Bata refuses to step up for the people who made their shoes

published 25-09-2014 14:40, last modified 11-05-2015 13:03
Shoe company Bata refuses to take any responsibility for the resolution of a labour rights conflict arising at the factory Palla & Co., a Sri Lankan shoe factory. Workers say its owner repeatedly refused to pay workers an agreed upon pay rise. Bata, who was sourcing from the factory at the time of the labour conflict, cut its commercial relationship with Palla & Co. in late 2013.

CCC and global union IndustriALL denounce Bata for not taking any credible action to mitigate the adverse human rights impacts despite recognizing that the actions of the factory management are a violation of their own code of conduct.

In the Sri Lankan factory Palla &Co, workers produced footwear for the shoe giant Bata. After the reported refusal of the local management to pay half-yearly salary increments in 2012, workers organised in a factory-level union. However, the management refused to engage in negotiations. Following subsequent workers’ protests, the factory management suspended 15 union officials in November 2013 and dismissed 179 union members in December 2013. Today, 92 workers and 12 unionists are still fighting for reinstatement.

The labor rights dispute arose in August 2012 when production at Palla & Co. was mostly for Bata. Bata, originally a Czech family-owned enterprise, is now headquartered in Switzerland. According to Bata, more than 210 million people in more than 60 countries are wearing Bata shoes at any given point in time – some of which were produced by the workers at Palla & Co.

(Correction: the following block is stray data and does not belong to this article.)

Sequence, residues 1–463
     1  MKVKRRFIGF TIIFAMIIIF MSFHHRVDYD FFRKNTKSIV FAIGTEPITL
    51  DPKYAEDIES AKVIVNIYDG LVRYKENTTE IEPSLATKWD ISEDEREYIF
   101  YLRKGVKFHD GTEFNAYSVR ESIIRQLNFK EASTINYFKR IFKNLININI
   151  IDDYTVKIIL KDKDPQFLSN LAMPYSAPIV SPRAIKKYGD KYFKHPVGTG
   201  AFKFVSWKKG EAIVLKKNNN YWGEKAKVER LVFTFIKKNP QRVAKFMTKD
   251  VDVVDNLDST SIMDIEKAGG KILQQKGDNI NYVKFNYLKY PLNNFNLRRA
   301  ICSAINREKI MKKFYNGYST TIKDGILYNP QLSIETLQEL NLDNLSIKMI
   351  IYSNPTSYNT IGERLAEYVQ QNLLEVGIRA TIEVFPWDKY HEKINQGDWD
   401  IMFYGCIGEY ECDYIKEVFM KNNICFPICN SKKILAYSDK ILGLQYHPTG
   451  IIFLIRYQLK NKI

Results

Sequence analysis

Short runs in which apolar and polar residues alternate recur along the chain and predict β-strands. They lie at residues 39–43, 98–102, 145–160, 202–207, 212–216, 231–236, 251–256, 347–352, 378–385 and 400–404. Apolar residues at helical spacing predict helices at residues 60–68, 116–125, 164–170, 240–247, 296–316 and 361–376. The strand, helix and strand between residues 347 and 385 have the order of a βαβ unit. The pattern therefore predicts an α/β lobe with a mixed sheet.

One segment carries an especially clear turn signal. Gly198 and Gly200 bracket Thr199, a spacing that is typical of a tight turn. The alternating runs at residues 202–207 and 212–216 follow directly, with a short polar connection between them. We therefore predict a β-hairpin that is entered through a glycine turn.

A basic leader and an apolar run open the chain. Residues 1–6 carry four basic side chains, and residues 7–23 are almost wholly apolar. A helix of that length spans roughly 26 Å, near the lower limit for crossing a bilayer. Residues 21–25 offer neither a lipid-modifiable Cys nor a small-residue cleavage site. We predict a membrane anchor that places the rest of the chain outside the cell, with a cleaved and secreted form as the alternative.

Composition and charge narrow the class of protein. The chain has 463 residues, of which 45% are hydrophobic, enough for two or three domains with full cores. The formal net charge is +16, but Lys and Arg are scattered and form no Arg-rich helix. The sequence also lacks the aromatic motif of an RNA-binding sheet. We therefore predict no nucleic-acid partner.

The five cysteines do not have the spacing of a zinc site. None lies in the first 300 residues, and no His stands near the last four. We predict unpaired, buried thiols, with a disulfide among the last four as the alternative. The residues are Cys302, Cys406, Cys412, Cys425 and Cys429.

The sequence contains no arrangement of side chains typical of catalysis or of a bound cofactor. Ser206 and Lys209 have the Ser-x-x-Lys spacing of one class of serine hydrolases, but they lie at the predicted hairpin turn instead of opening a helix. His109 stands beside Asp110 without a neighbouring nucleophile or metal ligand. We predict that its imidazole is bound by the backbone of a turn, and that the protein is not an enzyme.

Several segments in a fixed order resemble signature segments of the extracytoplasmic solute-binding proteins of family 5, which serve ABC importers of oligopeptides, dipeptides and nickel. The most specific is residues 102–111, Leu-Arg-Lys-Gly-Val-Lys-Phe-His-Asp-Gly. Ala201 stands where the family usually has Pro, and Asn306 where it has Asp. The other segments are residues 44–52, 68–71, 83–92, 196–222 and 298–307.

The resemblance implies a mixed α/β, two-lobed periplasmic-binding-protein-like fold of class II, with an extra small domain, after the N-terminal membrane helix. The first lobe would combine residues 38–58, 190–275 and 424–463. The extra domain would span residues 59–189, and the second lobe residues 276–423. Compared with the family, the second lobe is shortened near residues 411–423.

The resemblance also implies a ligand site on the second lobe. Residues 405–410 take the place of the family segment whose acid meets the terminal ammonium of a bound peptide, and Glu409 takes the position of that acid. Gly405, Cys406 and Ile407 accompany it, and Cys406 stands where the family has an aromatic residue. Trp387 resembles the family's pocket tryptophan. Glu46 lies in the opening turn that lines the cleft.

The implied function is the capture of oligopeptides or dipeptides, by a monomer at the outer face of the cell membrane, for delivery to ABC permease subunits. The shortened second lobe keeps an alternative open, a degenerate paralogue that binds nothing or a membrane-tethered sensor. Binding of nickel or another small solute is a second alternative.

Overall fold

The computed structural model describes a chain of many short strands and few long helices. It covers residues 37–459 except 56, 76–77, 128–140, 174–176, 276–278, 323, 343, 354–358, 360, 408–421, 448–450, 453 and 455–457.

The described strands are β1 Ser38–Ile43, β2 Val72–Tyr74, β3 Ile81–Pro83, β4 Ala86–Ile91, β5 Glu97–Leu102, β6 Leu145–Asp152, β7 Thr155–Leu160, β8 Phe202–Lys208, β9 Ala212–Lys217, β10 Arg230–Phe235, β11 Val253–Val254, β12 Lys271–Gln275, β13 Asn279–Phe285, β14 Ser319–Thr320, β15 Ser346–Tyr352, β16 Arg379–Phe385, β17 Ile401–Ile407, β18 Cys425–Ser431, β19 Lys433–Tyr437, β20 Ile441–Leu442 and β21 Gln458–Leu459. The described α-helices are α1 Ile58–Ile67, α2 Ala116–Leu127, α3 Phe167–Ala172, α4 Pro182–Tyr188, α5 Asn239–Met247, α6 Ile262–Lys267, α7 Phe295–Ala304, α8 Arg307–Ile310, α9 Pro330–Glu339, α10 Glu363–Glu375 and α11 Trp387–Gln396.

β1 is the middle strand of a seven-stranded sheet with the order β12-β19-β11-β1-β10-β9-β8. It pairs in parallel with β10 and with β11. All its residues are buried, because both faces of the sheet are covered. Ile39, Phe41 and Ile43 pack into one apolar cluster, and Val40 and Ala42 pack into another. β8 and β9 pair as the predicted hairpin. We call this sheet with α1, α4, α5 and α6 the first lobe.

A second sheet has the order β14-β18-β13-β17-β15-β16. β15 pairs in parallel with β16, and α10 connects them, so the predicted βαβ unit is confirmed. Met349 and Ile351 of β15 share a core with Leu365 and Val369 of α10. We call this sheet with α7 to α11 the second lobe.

The dismissed workers are still facing severe problems to find other jobs because almost all other workplaces refuse to take them. The management of Palla & Co allegedly spoke to other factories’ management and asked them not to recruit their former workers.

A former worker of Palla said about her situation since the dismissal: “I have no husband, as my husband has left. I have two children. I am in a rented house. Actually I do not have the money to pay the rent for my house. It is difficult to find another job in another factory. I need to go back to work.

85 out of the 179 dismissed workers were reinstated by Palla & Co. However, the catch was that they had to sign an agreement with Palla & Co. stating that they would not participate in any trade union activities in the future. Bata, this is where the shoe pinches.

The local union and the Clean Clothes Campaign are urging Bata to get active and meaningfully engage in the resolution of the labour rights conflict.

Want to tell Bata to act? Go to IndustriALL's webiste and send a letter to Bata.

 

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